Seven years after its creation, the Pacific Alliance - formed by Colombia, Mexico, Peru and Chile - totals 57% of Latin America's foreign trade and 41% of total foreign investment in the region.1 The Pacific Alliance is an initiative of political, economic and regional cooperation and integration.
These countries' growth expectation for 2018 is higher than the average for Latin America and the Caribbean, according to the International Monetary Fund (IMF). The IMF expects the economy of the region will grow an average of 2% (negatively influenced by Venezuela), while Colombia will grow by 2.7%, Mexico 2.3%, Peru 3.7% and Chile by 3.4%. However, it is expected that the presidential elections in Colombia in May and Mexico in July, as well as others to take place in the region (Brazil and Paraguay), will slow down growth in the first half of the year.
The promotion of external investment and achieving greater relationships with the world, especially with the Asia-Pacific region, is one of the Pacific Alliance's strategies to increase trade. Likewise, negotiations on trade continues with Australia, Canada, New Zealand and Singapore. The aim is to increase and diversify the exports of member countries to the Asia-Pacific region, as well as increasing employment and attracting more tourism.
Within the Alliance, there are many actions that have allowed member countries to increase trade. They include, the elimination of tariffs on the movement of merchandise, services, financial and human resources, the business visa, the Single Window of Foreign Trade (Ventanilla Única de Comercio Exterior) and the approval of technical standards in some sectors such as food, pharmaceutical and cosmetics.
Regarding foreign trade, Mexico has focused its strategy on market diversification, with the Pacific Alliance being the key to its expansion into Latin America. During 2017, within the framework of the Alliance, Mexican companies made 25 million dollars in exports to be completed during that year, mainly consisting of consumer goods such as processed foods, beverages and various manufactures.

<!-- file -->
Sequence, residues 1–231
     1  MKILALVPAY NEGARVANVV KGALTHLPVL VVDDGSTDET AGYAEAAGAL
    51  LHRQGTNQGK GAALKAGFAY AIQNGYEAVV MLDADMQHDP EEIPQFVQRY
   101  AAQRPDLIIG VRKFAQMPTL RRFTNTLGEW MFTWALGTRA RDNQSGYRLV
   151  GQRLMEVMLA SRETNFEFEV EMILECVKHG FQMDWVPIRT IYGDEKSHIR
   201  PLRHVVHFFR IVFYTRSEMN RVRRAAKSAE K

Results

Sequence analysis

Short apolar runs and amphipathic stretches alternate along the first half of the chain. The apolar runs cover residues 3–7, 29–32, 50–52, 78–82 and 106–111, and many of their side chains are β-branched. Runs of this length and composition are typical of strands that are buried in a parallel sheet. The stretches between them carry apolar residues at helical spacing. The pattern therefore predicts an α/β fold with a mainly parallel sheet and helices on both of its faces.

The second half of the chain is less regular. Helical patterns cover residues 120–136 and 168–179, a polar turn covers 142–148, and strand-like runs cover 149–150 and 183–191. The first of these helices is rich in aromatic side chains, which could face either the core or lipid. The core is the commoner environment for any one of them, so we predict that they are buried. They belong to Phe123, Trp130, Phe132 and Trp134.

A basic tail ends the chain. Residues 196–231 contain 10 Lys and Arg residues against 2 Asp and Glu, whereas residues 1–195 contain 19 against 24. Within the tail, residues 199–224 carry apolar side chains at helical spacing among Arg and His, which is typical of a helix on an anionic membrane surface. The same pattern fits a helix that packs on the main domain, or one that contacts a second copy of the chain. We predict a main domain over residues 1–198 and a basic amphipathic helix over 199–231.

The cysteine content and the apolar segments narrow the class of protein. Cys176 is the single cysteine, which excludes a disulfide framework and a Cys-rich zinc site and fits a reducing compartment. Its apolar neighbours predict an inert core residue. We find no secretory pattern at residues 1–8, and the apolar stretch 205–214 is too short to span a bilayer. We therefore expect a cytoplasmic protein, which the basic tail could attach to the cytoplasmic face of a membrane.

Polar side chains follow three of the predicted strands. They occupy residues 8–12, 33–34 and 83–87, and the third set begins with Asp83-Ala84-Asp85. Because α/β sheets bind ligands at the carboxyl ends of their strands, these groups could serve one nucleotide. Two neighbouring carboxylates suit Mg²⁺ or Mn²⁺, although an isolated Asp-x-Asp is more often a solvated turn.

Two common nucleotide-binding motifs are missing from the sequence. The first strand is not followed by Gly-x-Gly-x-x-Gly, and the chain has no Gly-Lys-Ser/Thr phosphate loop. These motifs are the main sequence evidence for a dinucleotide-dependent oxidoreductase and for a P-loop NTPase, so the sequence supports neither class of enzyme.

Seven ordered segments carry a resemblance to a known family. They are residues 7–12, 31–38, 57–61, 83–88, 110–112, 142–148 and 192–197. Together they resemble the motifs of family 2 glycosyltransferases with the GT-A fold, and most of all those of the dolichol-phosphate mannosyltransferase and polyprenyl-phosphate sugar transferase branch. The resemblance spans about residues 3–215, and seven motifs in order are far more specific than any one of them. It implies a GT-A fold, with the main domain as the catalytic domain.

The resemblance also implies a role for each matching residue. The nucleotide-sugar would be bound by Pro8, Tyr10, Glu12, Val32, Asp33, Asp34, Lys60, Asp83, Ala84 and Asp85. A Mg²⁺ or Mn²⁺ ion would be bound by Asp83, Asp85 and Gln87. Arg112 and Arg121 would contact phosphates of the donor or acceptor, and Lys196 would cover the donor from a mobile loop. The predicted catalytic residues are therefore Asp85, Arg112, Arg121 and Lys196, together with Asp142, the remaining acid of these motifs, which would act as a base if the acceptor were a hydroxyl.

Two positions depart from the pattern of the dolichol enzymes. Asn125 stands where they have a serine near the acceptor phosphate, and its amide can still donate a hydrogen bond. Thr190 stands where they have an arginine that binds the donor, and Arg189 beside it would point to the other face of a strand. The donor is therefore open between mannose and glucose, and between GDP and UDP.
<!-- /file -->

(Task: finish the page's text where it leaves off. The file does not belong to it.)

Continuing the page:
Meanwhile, in matters related to the financial industry, Colombia has made progress on the possibility of stock companies, trust companies or administrators acquiring shares of investment funds abroad. This can happen when these are in countries with which the financial Superintendency has information exchange and supervision agreements, such as Mexico, Chile and Peru. Chilean pension funds are already authorized to invest in a list of sovereign countries categorised ¨BBB¨ and ¨AA¨, among which includes Colombia.
In 2017, Peru was the country that emerged as the Pacific Alliance nation with the largest increase in exports, with an annual rate of 22.6%, managing to rank above Colombia (19%), Chile (9 .9%) and Mexico (4.4%). The main reason was the increase in external sales in the hydrocarbon, mining and agroindustry sectors. For 2018, a positive outlook is expected with investment playing an important role, although it is not yet possible to determine how the political changes of the country will influence investments.
No doubt there is much to be done, but the outlook is promising. In addition to the strategies and actions for trade and investment, the Alliance has put in place a cooperation agreement for entrepreneurship and innovation. It seeks the exchange of experiences, knowledge and learning to allow a greater development of the member countries and a better adaptation to the changes and challenges that globalization presents to them.
The Pacific Alliance is creating more opportunities for investors and international businesses in this region. Get in touch with our local experts to learn more about how TMF Group can help your business in Mexico, Colombia, Chile and Peru.
1 Source: ABC: Alianza del Pacífico with data from IMF, WB, WTO and UNCTAD.
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